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User-Agent: Mozilla/4.61 [en] (Win98; U)
Description of problem:
After installation of 7.1, my e-machine e-tower 333cs dumps hex and hangs the system on each subsequent boot.
Steps to Reproduce:
1. Install Red Hat Linux 7.1 on (at least my) e-machines e-tower 333cs machine
2. Boot up the computer
Actual Results: 3. After getting the graphical lilo screen, after a couple second or so of normal-looking booting output, the computer dumps out
a few pages of hex, and then just stops (it happens so fast and then the hex scrolls past the last line, so I do not know exactly where it got
screwed or the last successful line it ran)
Expected Results: successfully boot up linux
The computer has been running Red Hat Linux 6.2 for months with no problems.
I have reproduced the bug in the following ways:
- Trying to do a straight *upgrade* from 6.2 to 7.1
- Doing a straight workstation fresh intall to 7.1
- Doing a custom install to 7.1
Also tried booting with the following commands (as suggested by Red Hat tech support):
linux nodma noapm
linux nodma noapm nousb
Also went into rescue boot mode and the file system at least looked normal.
Please note that I then reinstalled 6.2, and that loads and seems to be working fine.
If you could copy down the oops text (including all the magic numbers) it
could be helpful.
Assigning to kernel.
I have the same problem. Originally this happened upon attempting an update,
then after doing a clean install. I also have an etower 333cs with the only
modifications being a bigger HD, more memory, an ISA modem, and an ethernet
card. A few extra details: I managed to see the message "calibrating delay
loop" before it crashes, so it's shortly after that. The same problem happens
whether booting from the HD or the boot floppy I made during installation, but
booting from the Seahat install CD in rescue mode is successful. The same thing
happens with the original 2.4.2 kernel, the newest 2.4.3-12 kernel, and the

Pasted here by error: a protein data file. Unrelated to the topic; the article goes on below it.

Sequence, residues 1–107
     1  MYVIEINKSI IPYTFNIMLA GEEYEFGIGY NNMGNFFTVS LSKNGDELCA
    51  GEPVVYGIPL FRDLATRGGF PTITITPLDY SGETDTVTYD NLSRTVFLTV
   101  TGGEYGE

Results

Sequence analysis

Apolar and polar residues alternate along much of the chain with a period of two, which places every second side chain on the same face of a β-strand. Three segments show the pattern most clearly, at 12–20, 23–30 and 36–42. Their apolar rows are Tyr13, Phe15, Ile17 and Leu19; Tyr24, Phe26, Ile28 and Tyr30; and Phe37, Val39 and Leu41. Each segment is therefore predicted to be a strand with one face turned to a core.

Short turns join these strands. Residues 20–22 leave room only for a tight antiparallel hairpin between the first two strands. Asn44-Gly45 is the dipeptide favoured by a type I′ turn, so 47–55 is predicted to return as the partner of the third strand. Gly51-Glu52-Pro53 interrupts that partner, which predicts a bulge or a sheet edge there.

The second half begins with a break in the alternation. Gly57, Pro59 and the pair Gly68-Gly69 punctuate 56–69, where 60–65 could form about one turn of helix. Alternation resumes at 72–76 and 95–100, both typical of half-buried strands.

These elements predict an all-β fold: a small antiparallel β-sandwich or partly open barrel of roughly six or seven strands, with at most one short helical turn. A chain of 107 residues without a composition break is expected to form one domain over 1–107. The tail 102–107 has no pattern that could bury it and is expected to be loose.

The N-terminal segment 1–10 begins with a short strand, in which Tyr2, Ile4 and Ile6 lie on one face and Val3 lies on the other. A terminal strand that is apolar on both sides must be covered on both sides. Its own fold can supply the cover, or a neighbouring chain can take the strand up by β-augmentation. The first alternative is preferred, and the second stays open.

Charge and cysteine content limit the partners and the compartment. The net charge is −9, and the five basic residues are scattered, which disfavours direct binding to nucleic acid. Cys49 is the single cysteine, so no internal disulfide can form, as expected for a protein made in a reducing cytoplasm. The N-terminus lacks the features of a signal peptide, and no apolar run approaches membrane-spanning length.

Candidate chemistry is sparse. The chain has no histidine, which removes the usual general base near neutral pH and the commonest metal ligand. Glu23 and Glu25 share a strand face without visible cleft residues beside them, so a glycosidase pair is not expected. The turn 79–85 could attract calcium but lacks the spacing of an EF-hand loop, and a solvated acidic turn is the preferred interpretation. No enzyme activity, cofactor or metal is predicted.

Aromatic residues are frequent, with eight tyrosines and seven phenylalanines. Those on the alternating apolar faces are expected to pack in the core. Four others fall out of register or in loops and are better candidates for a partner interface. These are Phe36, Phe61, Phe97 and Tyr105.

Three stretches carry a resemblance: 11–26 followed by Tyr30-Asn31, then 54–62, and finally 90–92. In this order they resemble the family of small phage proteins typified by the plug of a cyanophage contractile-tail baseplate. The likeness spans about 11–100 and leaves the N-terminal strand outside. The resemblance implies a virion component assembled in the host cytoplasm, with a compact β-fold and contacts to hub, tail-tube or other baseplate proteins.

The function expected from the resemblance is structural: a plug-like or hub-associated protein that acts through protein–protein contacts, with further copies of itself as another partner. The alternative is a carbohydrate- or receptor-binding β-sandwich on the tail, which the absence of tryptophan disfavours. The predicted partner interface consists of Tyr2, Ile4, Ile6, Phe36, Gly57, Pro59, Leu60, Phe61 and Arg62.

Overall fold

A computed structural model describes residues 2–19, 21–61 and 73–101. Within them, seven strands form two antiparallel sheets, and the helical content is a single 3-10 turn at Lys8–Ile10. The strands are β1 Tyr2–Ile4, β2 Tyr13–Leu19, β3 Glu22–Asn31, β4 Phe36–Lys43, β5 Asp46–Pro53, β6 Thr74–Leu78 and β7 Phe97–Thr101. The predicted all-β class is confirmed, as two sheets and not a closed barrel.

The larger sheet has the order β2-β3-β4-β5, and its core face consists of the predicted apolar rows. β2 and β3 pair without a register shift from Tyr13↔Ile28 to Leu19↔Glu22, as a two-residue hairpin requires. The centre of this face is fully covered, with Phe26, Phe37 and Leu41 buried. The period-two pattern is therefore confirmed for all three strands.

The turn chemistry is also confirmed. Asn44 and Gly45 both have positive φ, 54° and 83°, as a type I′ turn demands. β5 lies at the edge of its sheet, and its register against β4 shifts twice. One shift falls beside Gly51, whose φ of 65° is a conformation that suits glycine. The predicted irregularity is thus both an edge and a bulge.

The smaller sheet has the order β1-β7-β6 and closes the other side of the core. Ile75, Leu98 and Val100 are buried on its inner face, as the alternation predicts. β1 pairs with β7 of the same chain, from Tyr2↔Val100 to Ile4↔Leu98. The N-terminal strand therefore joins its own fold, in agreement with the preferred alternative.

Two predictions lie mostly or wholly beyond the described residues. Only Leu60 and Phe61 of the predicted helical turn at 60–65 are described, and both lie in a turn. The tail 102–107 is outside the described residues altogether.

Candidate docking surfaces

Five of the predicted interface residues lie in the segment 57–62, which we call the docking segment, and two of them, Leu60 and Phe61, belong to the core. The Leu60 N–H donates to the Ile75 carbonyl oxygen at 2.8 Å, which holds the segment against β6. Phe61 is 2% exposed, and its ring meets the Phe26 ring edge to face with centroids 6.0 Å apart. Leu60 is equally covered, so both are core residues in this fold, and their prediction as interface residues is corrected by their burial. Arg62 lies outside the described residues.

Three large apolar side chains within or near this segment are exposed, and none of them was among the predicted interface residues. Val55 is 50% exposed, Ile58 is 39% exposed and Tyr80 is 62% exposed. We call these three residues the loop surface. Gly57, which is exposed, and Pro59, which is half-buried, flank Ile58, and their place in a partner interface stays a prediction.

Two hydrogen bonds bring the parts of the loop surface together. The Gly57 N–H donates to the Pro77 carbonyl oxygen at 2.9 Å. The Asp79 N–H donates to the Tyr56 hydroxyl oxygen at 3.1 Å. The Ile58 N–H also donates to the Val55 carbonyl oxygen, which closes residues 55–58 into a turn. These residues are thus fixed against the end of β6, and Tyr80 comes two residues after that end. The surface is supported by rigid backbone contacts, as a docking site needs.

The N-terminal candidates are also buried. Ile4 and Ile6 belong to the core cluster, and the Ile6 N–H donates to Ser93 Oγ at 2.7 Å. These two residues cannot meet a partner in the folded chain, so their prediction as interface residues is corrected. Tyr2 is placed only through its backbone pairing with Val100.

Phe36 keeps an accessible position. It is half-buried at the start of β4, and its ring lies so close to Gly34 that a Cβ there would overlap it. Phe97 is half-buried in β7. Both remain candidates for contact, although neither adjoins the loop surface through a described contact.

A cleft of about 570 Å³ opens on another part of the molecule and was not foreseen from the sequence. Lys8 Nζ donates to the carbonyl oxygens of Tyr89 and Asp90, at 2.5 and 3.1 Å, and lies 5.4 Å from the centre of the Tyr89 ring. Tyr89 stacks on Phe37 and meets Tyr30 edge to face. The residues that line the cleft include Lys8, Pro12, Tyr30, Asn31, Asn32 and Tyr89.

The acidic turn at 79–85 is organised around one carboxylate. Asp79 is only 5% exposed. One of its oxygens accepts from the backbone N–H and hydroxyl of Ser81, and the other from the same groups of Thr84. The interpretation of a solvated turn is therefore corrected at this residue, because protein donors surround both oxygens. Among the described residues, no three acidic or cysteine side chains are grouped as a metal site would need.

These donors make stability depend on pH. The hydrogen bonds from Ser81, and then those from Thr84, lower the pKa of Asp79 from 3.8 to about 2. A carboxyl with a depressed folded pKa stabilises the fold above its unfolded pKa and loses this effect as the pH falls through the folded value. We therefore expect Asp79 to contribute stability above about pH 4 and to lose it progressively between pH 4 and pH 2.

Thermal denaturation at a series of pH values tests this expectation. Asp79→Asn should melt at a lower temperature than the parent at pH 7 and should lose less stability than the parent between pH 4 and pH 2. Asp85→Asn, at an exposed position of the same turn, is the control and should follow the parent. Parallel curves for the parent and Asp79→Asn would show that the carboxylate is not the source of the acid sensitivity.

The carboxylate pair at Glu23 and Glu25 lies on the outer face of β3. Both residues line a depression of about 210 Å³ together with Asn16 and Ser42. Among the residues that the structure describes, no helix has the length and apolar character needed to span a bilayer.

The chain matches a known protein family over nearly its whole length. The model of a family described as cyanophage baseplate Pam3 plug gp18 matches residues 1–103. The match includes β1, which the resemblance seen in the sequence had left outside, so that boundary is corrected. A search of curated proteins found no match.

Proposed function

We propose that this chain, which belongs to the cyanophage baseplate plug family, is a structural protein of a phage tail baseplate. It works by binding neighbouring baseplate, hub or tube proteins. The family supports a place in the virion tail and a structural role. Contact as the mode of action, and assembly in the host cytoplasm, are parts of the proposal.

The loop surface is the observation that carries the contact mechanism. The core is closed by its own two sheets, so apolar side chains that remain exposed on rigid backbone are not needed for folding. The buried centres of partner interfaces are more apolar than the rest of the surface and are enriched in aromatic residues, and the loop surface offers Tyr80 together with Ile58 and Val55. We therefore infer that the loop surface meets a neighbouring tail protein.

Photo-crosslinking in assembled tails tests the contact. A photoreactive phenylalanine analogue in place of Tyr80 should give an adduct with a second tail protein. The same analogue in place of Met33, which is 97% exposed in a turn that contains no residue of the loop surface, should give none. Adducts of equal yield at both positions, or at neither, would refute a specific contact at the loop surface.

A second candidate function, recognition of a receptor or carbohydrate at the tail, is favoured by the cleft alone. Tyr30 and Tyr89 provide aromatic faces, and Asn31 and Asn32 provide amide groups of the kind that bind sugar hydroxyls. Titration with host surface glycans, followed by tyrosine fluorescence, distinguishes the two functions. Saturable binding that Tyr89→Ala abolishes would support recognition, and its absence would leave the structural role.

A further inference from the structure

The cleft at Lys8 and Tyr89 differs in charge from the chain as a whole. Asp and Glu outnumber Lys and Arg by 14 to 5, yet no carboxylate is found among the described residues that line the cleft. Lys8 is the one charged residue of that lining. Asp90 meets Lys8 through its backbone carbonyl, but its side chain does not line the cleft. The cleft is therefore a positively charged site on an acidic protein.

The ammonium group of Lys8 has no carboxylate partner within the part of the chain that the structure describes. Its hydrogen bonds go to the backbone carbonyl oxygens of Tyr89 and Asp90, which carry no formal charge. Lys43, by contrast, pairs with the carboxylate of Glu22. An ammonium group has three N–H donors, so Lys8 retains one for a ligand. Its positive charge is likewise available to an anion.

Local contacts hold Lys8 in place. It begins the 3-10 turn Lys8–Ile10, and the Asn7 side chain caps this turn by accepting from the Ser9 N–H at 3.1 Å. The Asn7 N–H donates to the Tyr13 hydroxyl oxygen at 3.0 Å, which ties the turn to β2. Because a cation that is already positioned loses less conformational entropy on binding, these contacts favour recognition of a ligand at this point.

Mandrake 2.4.3 kernel from a month or so back. The call trace numbers for both
the 2.4.2 and 2.4.3-12 kernels follow a dual arithmetic progression: for
<fc70c14f> <fc70c14f> <fc78c14f> <fc78c14f> <fc80c14f> <fc80c14f> ...
where each number is repeated twice, and the difference between successive
numbers alternates between 80000 and 20000 (hex). The only difference between
the two versions of the kernel is an overall additive constant, the differences
of 80000 and 20000 are the same. There is more than one screenful of these
numbers so I can't tell how they start, but they repeat about once every 5
seconds. The keyboard is completely disabled, so Ctrl-Alt-Del doesn't work, and
neither does the power-off button, the only way to turn the machine off is by
cutting power to it. I salvaged the Seawolf installation by downgrading the
kernel to 2.2.19 together with a few packages that depended on 2.4. But there
are minor problems on shutting down including a fail message for NFS lockd and
for halting at the very end, after the disks are unmounted. These are probably
undocumented dependencies on the 2.4 kernel so should go away if the 2.4 kernel
We just released a 2.4.3-12 updated kernel last friday.
Also, how much memory do you have and does this go away when you
type "mem=xxxM" (with "xxx" being the amount of ram in megabyte minus 2 )
I have 256M of RAM. I tried booting the new RH 2.4.3-12 kernel with the
"mem=254M" boot option. No luck. The behavior is subtly different - before, it
looked like it was in an infinite loop, with the same numbers appearing over and
over about every 5 seconds. Now, it just shows the numbers and appears to
hang. The numbers form the same pattern as before, i.e. each repeated twice,
and differences of 80000 and 20000 hex.
If you have a general idea of what's wrong, I could experiment with different
boot options. Any suggestions?
"no_hlt" or "no-hlt" would be interesting as bootoption to try
I tried no-hlt. No change. By the way, this machine uses a VIA chipset and a
Cyrix M2 CPU. The more detailed info that used to be at http://www.e4me.com